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Game Day Nutrition Guide

Posted by AJ Lee on

An often overlooked and underappreciated aspect of a hockey training program is a player nutrition guide. Coaches will often put the majority of their focus on strength training, skill development and implementing systems, but don’t provide players with the knowledge or the tools to improve their nutrition. Hard work and training can pay big dividends during the offseason, but if you aren’t eating enough of the right foods, you could be seriously selling yourself short.

In order to be the best, you can’t eat like the rest.

Over the last several years, the importance of player nutrition has become increasingly apparent. Gone are the days of Mario Lemieux, who used to smoke a half a pack of cigarettes a day and still dominate the competition. Now, every NHL team has a nutritionist that helps players get the most out of their workouts by educating them on not only what to eat, but when to eat.

Our pro stock products help you get the most out of your equipment, but are you doing everything possible to get the most out of yourself? At Pro Stock Hockey, we strive to help our customers perform to the best of their abilities … that’s why we’ve put together a hockey nutrition guide to help you live up to your full potential.

Everyday Eating

Just because you don’t have a game, practice or off-ice workout scheduled doesn’t mean you can chow down on candy, fried foods and soda. These are “empty foods” that contain A LOT of sugar and fat. While having some fat in your diet is very important, more often than not you can count on getting this nutrient from just about anything else you eat. On off days, you’re refueling your body with energy needed for your next practice or game.

Carbohydrates are your fuel. Foods rich in carbohydrates are crucial for young, growing and active bodies. Fruits, vegetables, whole grain breads, milk and legumes (peas, beans, peanuts, etc.) are all good options.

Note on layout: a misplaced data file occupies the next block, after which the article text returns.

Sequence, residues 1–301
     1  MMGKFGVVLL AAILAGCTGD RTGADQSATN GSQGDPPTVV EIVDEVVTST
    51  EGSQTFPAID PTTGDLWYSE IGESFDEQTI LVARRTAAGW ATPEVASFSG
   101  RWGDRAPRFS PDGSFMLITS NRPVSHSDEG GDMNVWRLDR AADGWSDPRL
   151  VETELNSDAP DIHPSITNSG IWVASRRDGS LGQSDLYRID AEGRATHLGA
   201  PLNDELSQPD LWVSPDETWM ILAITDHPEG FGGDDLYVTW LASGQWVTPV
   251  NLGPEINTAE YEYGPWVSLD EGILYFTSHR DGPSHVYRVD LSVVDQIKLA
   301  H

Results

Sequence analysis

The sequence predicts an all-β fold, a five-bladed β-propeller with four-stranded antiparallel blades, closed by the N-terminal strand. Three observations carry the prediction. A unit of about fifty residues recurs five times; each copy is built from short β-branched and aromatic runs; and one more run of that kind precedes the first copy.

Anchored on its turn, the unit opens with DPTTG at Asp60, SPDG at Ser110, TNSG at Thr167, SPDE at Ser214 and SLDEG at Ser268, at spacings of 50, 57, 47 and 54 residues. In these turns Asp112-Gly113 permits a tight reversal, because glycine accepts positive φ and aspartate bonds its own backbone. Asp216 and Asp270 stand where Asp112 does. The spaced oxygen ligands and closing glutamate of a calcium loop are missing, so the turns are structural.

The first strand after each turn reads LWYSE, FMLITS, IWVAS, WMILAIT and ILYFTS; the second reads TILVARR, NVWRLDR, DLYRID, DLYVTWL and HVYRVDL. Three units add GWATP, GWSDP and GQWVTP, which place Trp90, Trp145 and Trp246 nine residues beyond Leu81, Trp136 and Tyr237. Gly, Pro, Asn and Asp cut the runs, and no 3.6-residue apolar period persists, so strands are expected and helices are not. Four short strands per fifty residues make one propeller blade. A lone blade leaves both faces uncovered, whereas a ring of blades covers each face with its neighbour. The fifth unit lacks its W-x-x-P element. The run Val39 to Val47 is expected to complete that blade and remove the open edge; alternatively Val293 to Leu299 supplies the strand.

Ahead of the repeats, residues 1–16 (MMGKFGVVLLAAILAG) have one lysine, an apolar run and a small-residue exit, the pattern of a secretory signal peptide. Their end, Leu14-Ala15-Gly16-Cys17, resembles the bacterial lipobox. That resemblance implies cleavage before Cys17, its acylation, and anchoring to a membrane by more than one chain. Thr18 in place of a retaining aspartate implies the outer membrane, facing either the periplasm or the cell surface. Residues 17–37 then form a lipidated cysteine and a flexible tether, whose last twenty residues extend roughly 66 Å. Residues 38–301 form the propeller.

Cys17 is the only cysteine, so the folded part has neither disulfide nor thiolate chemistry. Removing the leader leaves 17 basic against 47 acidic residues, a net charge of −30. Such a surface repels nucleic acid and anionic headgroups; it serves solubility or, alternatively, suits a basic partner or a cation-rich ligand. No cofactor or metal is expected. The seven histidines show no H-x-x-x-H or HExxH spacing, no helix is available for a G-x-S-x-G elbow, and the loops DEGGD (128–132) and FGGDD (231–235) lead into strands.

Proteins help build and repair muscle tissue — they are the building blocks for your muscles! One or two servings of protein with every meal will allow you to get the most out of your workout. For best results, eat foods with a little protein before working out and follow with foods high in protein to help your muscles rebuild. Be careful not to fall into a high-protein diet thinking you’re strengthening your muscles. Too much protein may substantially reduce your energy and cause dehydration — and won’t improve athletic performance.

Water is absolutely essential to keep your body functioning properly. In fact, it’s been found that you can survive for about three weeks without food, but only three to four days without water. In order for your body to perform at its best, it’s important to stay hydrated. Don’t wait until you “feel thirsty” to start drinking water — that usually means you’re already dehydrated! Try to consume two liters (roughly four bottles) of water each day.

In order to meet the energy demands of a hockey player’s active lifestyle, as well as to meet growth and development needs, we recommend that players eat three nutritionally balanced meals, have three to four healthy snacks, and drink plenty of fluids EVERY day.

Game Day

Showing up on game day without properly fueling on the right foods is like showing up to take a test you didn’t study for — it’s great that you’re there, but you likely aren’t going to do very well. Take the proper steps to ensure that you’ll be able to bring your best on game day by following Pro Stock Hockey’s Game Day Nutrition Guide:

Check out the complete guide by clicking here.

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